The Asian Scientist Spotlight: 2012 Nobel Laureate Dr. Shinya Yamanaka
By Juliana Chan | Editorials
April 30, 2013
During a recent visit to Singapore, Dr. Shinya Yamanaka candidly discussed his early career, what inspires him, and the challenges he faced leading up to the 2012 Nobel Prize.
AsianScientist (Apr. 30, 2013) – When it was announced that Dr. Shinya Yamanaka had won the 2012 Nobel Prize for Physiology or Medicine, few were surprised.
In 2006, Dr. Yamanaka sent ripples through the stem cell community when he discovered that by adding just four genes into adult skin cells in mice, he could encourage the cells to behave like embryonic stem cells. He called them induced pluripotent stem cells, or iPS cells. One year later, he announced that he had done the same with human adult skin cells, opening the door to the translation of cell therapies for clinical use.
While embryonic stem cells have always held tremendous promise in regenerative medicine and for the treatment of diseases such as diabetes, blindness, and Parkinson’s disease, its use has long been controversial – which is why Dr. Yamanaka’s discovery of an alternate source of human stem cells was so important.
In early April, Dr. Yamanaka visited the sunny city-state of Singapore under the Agency for Science, Technology and Research (A*STAR) Biomedical Research Council Distinguished Visitor Program (DVP). Addressing a packed crowd at the A*STAR Biopolis complex, he gave a public lecture on the recent progress in induced pluripotent stem (iPS) cell research.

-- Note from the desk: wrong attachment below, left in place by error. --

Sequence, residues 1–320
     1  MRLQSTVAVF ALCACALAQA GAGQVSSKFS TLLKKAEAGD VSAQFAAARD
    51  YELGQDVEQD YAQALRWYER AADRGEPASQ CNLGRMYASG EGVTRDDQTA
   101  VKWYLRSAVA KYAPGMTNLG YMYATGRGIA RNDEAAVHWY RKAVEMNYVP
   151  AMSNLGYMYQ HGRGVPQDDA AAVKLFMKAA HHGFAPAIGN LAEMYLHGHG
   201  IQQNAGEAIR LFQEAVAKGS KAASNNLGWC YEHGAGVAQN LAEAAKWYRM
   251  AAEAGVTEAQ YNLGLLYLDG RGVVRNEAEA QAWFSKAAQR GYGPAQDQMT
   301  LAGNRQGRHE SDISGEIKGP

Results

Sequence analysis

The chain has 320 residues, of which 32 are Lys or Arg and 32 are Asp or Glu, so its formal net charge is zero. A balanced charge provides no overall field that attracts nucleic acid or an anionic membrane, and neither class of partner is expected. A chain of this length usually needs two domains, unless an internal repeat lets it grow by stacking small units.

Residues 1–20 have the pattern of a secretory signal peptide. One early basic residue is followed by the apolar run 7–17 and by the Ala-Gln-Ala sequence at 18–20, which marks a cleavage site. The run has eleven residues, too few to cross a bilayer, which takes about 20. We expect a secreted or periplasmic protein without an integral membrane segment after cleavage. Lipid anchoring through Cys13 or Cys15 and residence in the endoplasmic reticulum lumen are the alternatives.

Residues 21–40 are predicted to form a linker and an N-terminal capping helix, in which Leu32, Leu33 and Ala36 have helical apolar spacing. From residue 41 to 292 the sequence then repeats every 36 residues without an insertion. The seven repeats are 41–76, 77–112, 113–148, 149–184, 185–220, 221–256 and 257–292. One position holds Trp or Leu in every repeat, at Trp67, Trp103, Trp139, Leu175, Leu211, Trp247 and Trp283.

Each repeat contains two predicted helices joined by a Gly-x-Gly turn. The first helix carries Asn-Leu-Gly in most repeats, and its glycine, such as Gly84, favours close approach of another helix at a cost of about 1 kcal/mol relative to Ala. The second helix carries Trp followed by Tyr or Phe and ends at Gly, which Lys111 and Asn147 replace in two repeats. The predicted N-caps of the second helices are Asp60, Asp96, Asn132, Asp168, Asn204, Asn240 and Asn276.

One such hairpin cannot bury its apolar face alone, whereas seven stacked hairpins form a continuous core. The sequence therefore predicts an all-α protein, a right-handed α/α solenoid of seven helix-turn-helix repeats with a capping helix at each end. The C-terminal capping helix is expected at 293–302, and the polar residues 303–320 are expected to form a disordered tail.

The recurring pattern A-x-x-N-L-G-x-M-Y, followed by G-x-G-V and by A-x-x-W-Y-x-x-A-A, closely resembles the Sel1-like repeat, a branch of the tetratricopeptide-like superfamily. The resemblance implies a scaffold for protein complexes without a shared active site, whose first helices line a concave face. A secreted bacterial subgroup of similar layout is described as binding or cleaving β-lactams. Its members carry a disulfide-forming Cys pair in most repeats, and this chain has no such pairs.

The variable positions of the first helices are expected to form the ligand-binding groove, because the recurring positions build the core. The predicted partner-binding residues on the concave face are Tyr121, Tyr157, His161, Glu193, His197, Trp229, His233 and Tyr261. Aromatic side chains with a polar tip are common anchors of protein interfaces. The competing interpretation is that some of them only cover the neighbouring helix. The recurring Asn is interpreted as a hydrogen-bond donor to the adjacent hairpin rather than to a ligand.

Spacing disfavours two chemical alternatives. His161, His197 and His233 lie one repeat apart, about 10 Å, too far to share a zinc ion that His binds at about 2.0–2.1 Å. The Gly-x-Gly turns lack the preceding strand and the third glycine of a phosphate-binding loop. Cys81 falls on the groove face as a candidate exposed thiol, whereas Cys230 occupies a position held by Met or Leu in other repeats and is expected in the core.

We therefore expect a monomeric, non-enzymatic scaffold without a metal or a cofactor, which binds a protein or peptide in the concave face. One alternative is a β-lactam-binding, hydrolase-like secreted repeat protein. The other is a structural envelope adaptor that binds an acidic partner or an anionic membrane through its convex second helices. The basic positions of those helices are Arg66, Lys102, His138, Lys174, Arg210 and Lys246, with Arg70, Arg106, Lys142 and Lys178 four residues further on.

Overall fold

But where the goodies were to be found was at a smaller 13-member session, also held at the Biopolis complex, where Dr. Yamanaka spoke candidly with budding young scientists and junior faculty.
Indeed, to have received science’s highest honors so soon in his career, the 50-year-old Japanese orthopedic surgeon and scientist may also feel youthful in comparison to his peers.
The audience asked the requisite stem cell questions, ranging from what type of diseases are best studied using iPSC technologies, to the statistical relevance of iPSC banked samples. Other participants were interested in the advent of personalized iPSC banking, akin to cord blood banking for infants.
As the group warmed up to Dr. Yamanaka, they started asking more probing, personal questions. It is easy to learn about Dr. Yamanaka’s science breakthroughs from the troves of publicly accessible information, ranging from his Nobel Prize acceptance speech to his many high impact publications. More difficult, however, was to understand the man behind the discoveries, his early career, the difficulties he faced, and what inspires him.
Given his gentle and quiet demeanor, it remained to be seen how much Dr. Yamanaka would reveal about himself, but the crowd was persistent.
Yamanaka’s early career
The audience asked Dr. Yamanaka to tell the story about his early scientific career. Did he start out knowing that he was going to become a scientist, and were there any detours involved?